'Light meter in the sky' opens a window into the secret world of clouds

Mar 05, 2012

On a foggy spring morning, as experienced in parts of the UK over the past few days, looking to the horizon, it can be difficult to tell where the land ends and the sky begins.  Now scientists at the University of Reading have found a new way to see inside and above clouds.

Atmospheric scientists from Reading's Department of Meteorology have designed a sunlight-measuring instrument that uses the natural swinging and spinning motion of a rising weather balloon to distinguish clouds from clear air. The device, described in a paper published in the American Institute of Physics' journal Review of Scientific Instruments, may provide higher-resolution measurements of clouds than is currently possible, particularly for thin clouds - which could help meteorologists provide more accurate weather forecasts.

Anyone who has looked out of an aircraft window when in cloud - or anyone in the fog in South East England over the past couple of days - will have noticed that things look equally dull in all directions. Outside cloud or fog, however, the sun can dazzle depending on which way we look. 

The team from the University of Reading exploited this by realising that, in the bland conditions inside a cloud, there would be less variation in sunlight compared with clear air conditions. They reasoned that, by simply comparing measured fluctuations in cloud and clear air, cloud could be sensed optically using a routine daytime weather balloon carrying their device.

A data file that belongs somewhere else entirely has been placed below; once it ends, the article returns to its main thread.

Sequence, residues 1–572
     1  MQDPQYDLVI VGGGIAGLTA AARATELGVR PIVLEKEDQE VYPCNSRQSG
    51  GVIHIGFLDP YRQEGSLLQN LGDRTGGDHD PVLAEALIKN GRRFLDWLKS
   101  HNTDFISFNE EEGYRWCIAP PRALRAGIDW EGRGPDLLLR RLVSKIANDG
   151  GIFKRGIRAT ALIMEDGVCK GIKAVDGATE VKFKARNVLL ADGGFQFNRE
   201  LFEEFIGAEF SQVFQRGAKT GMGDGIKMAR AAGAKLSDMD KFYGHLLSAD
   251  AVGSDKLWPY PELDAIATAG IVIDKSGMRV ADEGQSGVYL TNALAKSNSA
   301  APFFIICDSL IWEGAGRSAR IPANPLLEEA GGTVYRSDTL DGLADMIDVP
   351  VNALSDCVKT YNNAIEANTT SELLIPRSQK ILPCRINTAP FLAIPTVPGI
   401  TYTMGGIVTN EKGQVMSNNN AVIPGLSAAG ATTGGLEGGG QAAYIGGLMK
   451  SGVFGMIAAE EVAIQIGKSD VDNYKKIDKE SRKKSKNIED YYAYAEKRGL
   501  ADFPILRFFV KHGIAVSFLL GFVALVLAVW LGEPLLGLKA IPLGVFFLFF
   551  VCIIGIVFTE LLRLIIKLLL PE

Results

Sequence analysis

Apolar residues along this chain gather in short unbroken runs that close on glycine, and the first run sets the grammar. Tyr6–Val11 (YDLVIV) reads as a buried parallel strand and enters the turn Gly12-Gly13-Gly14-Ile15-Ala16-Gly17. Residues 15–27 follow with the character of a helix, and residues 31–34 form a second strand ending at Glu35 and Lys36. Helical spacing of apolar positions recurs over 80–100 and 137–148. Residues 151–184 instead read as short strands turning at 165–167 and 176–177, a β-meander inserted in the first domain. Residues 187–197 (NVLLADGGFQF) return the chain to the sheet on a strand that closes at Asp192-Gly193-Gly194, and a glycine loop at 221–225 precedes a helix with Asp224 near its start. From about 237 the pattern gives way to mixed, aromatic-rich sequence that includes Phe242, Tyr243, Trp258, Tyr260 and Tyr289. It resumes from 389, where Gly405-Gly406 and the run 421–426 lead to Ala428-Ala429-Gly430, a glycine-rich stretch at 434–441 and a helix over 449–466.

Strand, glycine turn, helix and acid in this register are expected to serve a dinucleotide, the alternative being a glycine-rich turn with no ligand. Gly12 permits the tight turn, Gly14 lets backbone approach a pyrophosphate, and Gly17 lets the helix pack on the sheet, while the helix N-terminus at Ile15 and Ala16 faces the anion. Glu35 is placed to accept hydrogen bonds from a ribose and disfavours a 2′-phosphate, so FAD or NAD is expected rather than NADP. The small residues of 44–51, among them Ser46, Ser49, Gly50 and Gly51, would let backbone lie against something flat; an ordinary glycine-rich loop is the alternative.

Laboratory experiments demonstrated that the new airborne light meter worked consistently over the range of temperatures weather balloons encounter.

In test balloon flights, the optical technique did indeed report much smaller optical fluctuations within cloud as suspected, locating upper cloud boundaries with good precision, which they compared with the traditional measurement of temperature and relative humidity. The researchers add that the new system could also be used to determine lower boundaries of clouds in broken cloud conditions.

Dr. Keri Nicoll, the University of Reading research scientist working on the project, said: "This new idea combines a weather measurement mainstay with simple technology in an innovative way. Knowing reliably where clouds occur is central to providing accurate weather forecasts."

Professor Giles Harrison, Professor of Atmospheric Physics at the University of Reading, said: "Weather balloons have been a long-standing method for gathering data on conditions since 1929, but until now we have not been able to use them to visually measure ."

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More information: The paper, Keri A. Nicoll and Giles Harrison, 'Balloon-borne disposable radiometer for cloud detection,' was published in the current issues of the Review of Scientific Instruments.

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